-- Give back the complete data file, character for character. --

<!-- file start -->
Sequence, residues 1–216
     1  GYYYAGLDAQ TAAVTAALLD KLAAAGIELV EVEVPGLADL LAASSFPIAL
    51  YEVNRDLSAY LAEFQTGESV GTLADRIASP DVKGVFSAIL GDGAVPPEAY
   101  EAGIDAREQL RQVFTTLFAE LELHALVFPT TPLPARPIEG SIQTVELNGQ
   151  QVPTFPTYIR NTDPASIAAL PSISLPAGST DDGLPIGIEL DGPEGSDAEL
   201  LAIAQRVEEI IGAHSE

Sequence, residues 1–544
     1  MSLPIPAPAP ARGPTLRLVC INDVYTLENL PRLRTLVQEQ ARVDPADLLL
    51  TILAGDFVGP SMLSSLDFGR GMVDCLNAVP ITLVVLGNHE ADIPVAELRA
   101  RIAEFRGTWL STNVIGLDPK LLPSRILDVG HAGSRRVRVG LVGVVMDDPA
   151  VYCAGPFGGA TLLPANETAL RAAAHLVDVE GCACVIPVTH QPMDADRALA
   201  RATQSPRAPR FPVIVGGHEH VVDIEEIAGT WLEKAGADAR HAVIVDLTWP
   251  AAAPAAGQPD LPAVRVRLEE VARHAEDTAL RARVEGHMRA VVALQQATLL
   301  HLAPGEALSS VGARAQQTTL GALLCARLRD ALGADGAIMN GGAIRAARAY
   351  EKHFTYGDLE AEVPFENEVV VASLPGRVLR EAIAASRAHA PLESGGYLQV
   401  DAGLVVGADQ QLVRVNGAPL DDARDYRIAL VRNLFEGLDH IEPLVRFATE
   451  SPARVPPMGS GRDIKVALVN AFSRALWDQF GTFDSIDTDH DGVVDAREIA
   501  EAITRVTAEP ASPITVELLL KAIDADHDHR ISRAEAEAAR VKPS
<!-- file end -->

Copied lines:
Sequence, residues 1–216
     1  GYYYAGLDAQ TAAVTAALLD KLAAAGIELV EVEVPGLADL LAASSFPIAL
    51  YEVNRDLSAY LAEFQTGESV GTLADRIASP DVKGVFSAIL GDGAVPPEAY
   101  EAGIDAREQL RQVFTTLFAE LELHALVFPT TPLPARPIEG SIQTVELNGQ
   151  QVPTFPTYIR NTDPASIAAL PSISLPAGST DDGLPIGIEL DGPEGSDAEL
   201  LAIAQRVEEI IGAHSE

Sequence, residues 1–544
     1  MSLPIPAPAP ARGPTLRLVC INDVYTLENL PRLRTLVQEQ ARVDPADLLL
    51  TILAGDFVGP SMLSSLDFGR GMVDCLNAVP ITLVVLGNHE ADIPVAELRA
   101  RIAEFRGTWL STNVIGLDPK LLPSRILDVG HAGSRRVRVG LVGVVMDDPA
   151  VYCAGPFGGA TLLPANETAL RAAAHLVDVE GCACVIPVTH QPMDADRALA
   201  RATQSPRAPR FPVIVGGHEH VVDIEEIAGT WLEKAGADAR HAVIVDLTWP
   251  AAAPAAGQPD LPAVRVRLEE VARHAEDTAL RARVEGHMRA VVALQQATLL
   301  HLAPGEALSS VGARAQQTTL GALLCARLRD ALGADGAIMN GGAIRAARAY
   351  EKHFTYGDLE AEVPFENEVV VASLPGRVLR EAIAASRAHA PLESGGYLQV
   401  DAGLVVGADQ QLVRVNGAPL DDARDYRIAL VRNLFEGLDH IEPLVRFATE
   451  SPARVPPMGS GRDIKVALVN AFSRALWDQF GTFDSIDTDH DGVVDAREIA
   501  EAITRVTAEP ASPITVELLL KAIDADHDHR ISRAEAEAAR VKPS